The Risk of Breathing

Somewhere between walking out her front door in Cape Town, taking a taxi to college and hanging out with friends, Phumeza Tisile caught tuberculosis.

111It was during her first semester as a student at the Cape Peninsula University of Technology that Tisile began to cough and lose weight. She was soon so weak she could barely walk. She went to a private doctor who treated her for pneumonia and then sent her to a government health clinic where she tested positive for TB.

That was in May 2010, just months before South Africa hosted the football World Cup, the first time the finals had been held on African soil. While the rest of the country was celebrating, Tisile became increasingly ill. She was taking her TB medication as prescribed, but she was not getting better.

“I’m not a soccer fan, but I remember that time clearly,” she says, “I was in Karl Bremer Hospital, but then they had to transfer me to the Brooklyn Chest hospital. I was too weak, but at least I was able to walk. The other patients were enjoying [the World Cup], they even had the energy to blow vuvuzelas. I couldn’t care less, but it was nice to have people around, unlike Karl Bremer where you live in a closed room alone.”

Tisile’s admission to hospital followed her body’s failure to respond to standard TB treatment. By this time she was desperately ill with TB in her brain and chest and required a major operation and long-term chest drain.

TB is so widespread in South Africa that simply breathing carries a risk. According to the World Health Organisation’s 2012 Global TB Report there are half a million new cases of TB in South Africa each year, and the South African National Aids Council reports a 400 percent rise in TB over the past 15 years.

In most patients, a dose of two to three tablets a day for a minimum of six months cures drug-sensitive TB. In Tisile’s case, further tests found that even though she was HIV-negative and had never had TB before, she was diagnosed with multi-drug-resistant TB (MDR-TB) – or so she thought.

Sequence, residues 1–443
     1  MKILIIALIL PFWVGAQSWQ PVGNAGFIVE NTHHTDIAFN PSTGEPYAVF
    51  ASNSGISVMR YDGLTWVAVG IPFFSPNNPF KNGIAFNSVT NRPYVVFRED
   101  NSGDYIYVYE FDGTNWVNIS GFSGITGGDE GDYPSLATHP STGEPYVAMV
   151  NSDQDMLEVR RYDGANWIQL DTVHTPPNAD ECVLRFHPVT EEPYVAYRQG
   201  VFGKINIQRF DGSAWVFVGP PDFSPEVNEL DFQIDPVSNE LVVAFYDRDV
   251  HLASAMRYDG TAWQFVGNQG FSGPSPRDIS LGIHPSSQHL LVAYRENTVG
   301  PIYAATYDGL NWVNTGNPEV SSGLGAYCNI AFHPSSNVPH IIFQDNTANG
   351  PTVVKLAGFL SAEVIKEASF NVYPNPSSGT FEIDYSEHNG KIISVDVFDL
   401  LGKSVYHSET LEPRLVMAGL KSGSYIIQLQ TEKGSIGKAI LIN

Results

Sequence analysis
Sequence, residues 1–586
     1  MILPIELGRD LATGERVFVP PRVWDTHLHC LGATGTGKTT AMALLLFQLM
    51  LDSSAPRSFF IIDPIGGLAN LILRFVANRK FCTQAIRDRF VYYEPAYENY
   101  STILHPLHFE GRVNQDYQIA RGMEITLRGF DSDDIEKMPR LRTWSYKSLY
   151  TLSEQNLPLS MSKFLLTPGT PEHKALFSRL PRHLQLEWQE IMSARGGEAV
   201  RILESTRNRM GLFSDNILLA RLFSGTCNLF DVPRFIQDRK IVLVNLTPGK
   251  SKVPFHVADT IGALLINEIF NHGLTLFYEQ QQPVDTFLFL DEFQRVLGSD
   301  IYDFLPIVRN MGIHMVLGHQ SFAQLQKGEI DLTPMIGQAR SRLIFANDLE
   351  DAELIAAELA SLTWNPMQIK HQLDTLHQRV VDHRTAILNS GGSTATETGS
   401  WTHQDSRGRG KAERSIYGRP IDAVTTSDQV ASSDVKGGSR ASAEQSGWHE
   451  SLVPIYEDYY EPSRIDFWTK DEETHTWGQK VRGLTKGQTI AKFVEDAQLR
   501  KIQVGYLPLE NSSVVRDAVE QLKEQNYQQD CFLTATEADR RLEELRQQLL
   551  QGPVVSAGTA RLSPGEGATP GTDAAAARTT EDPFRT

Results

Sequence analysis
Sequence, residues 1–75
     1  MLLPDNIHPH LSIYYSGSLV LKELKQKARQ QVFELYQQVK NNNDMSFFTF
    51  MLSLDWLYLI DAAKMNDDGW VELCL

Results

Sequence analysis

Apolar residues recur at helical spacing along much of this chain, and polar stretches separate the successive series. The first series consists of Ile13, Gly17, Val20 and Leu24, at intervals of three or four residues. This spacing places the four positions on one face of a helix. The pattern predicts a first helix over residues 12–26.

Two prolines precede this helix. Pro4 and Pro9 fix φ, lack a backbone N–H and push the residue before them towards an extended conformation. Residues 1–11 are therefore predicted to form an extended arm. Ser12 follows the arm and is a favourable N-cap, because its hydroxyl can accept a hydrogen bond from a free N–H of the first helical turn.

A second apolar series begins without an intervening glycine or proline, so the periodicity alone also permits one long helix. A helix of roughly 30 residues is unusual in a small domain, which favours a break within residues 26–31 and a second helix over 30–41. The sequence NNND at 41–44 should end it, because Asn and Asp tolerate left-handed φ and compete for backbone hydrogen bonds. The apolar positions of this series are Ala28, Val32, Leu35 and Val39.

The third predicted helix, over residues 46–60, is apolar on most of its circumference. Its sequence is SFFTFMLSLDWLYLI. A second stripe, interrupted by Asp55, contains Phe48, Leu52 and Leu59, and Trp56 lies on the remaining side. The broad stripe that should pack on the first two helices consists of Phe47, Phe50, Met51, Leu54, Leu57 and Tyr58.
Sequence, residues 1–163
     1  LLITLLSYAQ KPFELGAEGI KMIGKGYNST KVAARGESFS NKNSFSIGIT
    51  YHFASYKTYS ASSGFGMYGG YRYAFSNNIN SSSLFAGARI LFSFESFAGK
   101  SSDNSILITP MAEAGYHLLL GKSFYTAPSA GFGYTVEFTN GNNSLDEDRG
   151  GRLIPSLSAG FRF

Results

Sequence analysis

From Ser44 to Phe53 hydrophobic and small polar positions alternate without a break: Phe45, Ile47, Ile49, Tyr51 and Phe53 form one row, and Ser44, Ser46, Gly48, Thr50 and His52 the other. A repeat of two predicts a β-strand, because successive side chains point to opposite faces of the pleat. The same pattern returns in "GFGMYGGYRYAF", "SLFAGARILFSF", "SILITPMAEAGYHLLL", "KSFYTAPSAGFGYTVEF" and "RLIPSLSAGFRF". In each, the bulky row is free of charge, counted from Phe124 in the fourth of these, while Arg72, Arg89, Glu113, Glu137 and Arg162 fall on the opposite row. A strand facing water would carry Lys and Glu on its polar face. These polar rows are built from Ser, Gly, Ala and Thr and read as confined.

Until 2011, South African health guidelines required that patients with multi-drug resistant-TB (also referred to as drug-resistant or DR-TB) receive their treatment as in-patients in one of the country’s handful of dedicated TB hospitals. However, with new cases of DR-TB outstripping the bed capacity, the government has been forced to re-think.

At the South African TB conference in June 2012, the director of TB, DR-TB and HIV in the national health department, Dr. Norbert Ndjeka, acknowledged the need to change.

“We will never have enough beds in our lifetime to admit all the MDR-TB cases and we can’t keep building more hospitals,” Ndjeka told a United Nations news agency. “The first success has been getting the right policies in place. The next success will be when we declare that there are no more waiting lists.”

The lack of beds in dedicated TB hospitals meant that not only were people in need of treatment being turned away and left to die in the community, but without treatment they were still infectious and liable to spread MDR-TB to anyone with whom they came in contact.

In 2012, almost 7,400 DR-TB cases were diagnosed in South Africa, but health officials recognise that it is likely that many more cases go undetected.

A small prevalence survey carried out by the international medical humanitarian organization, Médecins Sans Frontières (Doctors Without Borders) in the sub-district of Khayelitsha in 2008 estimated that there were more than 400 DR-TB cases each year in Khayelitsha alone.


Source: AllAfrica


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